The Immigrant’s Jason Corey on Groundhogs and Bootlegging


For many years, Jason Corey tended bar in Times Square, where the most popular drinks were Jager Bombs for vacationing bros or Manhattans for elderly diners. Sick of the noise and anonymity, he opened The Immigrant in 2010 (341 East 9th Street). Corey recently explained why he’s happy to live like a groundhog and spilled some family booze secrets.

How did you go from bartender to wine-bar owner?

I bartended basically since I came to New York. I was at Molyvos for 11 years. We had an extensive wine list, and there were two sommeliers there, so I learned a lot about wine. Then, I just saved up my money, and I built a bar.

Why a wine bar?

Well, I worked in Times Square a lot, there were always people doing Jager Bombs and shots. It was wild. And I had lived in the Village for so long that I wanted to have a space where people could come and chill out. So I thought that a wine bar would be a good place to start — a place to get some light appetizers, cheese plates, a place to just hang out and have a nice bottle of wine.

So how did you go about choosing the selections?

I wanted to have grapes from the regions where they’re from — so I wanted to have Tempranillo from Rioja; I wanted to have Syrah from the Rhone valley, Riesling from Germany, things like that. I wanted to have some core grapes and make sure those slots were filled with wines that were approachable and from their original region.

Do you think this originality makes for better wines?

That’s a slippery slope. That can anger a lot of people, especially fans of California wines. I do have a California Cabernet here. I guess my belief was that I wanted people to experience wines and the regions where they’re from, not necessarily that this always makes them better.

So you own and operate the Immigrant. Is that a lot of work?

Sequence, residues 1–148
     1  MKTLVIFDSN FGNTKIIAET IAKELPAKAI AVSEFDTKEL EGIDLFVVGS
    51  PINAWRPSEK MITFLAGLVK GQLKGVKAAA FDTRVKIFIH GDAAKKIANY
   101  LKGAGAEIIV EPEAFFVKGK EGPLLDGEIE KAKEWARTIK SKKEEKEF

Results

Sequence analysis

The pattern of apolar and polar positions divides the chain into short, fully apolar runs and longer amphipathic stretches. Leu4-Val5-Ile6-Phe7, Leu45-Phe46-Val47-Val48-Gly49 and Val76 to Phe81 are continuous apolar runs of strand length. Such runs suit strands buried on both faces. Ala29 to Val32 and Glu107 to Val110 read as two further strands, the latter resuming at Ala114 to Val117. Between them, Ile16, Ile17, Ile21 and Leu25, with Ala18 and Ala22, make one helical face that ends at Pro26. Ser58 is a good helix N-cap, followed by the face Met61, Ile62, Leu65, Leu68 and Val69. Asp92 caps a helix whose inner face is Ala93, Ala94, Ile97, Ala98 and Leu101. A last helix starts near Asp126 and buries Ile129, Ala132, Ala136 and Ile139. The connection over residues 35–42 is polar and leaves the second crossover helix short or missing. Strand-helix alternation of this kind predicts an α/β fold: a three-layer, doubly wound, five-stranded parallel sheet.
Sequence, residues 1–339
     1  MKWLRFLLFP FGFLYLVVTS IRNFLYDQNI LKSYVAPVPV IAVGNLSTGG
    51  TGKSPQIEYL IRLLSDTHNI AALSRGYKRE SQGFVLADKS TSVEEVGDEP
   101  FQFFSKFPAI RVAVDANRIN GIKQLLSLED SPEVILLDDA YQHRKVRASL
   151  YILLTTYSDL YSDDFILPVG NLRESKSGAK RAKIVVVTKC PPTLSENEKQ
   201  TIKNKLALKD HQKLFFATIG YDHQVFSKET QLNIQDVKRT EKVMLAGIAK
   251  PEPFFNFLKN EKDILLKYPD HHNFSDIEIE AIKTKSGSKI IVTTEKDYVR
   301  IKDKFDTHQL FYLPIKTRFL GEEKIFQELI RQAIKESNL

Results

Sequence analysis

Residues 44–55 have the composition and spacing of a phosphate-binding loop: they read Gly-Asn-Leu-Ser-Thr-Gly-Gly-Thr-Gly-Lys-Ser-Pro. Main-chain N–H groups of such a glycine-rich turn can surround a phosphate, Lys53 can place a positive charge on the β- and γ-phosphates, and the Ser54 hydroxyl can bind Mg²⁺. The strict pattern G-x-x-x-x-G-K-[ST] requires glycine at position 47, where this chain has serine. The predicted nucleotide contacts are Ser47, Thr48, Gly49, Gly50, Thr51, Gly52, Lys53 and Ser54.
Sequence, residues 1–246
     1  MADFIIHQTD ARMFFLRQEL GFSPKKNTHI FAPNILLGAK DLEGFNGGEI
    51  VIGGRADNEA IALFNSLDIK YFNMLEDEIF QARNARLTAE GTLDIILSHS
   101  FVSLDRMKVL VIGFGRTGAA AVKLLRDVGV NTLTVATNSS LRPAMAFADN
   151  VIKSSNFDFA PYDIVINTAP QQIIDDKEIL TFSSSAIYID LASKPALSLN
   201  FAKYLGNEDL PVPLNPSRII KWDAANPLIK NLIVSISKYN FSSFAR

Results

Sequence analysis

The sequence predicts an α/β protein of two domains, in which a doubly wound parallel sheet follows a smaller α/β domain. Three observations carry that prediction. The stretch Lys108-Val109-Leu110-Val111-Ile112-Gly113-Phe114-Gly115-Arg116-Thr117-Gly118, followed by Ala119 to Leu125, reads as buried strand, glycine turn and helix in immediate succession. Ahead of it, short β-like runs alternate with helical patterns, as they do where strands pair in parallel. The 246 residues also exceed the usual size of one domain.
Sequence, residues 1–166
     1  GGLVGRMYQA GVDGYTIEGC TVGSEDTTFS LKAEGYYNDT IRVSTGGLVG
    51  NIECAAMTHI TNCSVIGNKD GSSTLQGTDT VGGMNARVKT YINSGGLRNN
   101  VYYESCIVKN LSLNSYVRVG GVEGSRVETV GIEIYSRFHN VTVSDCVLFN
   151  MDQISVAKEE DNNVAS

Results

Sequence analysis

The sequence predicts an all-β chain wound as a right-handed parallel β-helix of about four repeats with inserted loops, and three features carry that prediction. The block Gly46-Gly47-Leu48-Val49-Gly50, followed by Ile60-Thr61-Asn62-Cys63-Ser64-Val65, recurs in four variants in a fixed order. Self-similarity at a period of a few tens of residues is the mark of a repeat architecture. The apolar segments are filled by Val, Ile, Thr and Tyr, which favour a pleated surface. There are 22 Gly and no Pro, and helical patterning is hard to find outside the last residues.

I tell everybody that my life is like Groundhog Day — every day is the same for me. I get up late. I go to the gym. I come to the bar. I take deliveries. I take a break. I come back. I close. I do that seven days a week, but I like it. I’m living the dream.

Any plans on expanding into Brooklyn or Queens?

No. I’m happy and content. This is what I want to do. It took me a long time to get here, and I want to enjoy it for a while.

Did you always know that you wanted to do this? Any family ties to the industry?

My great-grandfather had a speakeasy in my hometown, Cortland, during Prohibition. He and his brothers came to the U.S. from Italy. They had an apartment, and they turned it into a bar and they were selling liquor out of olive-oil cans. They were just wild. He got in a lot of trouble for it, and had to become a barber. My grandfather, who ran a restaurant, actually had trouble getting his liquor license because of his dad. But to answer your question, I guess it’s kind of in my blood to have a bar.

Did you hear stories about this as a kid?

My family is kind of embarrassed about it, actually. We saw family photos. We knew he had a speakeasy. We knew he had to become a barber, but we didn’t really talk about it.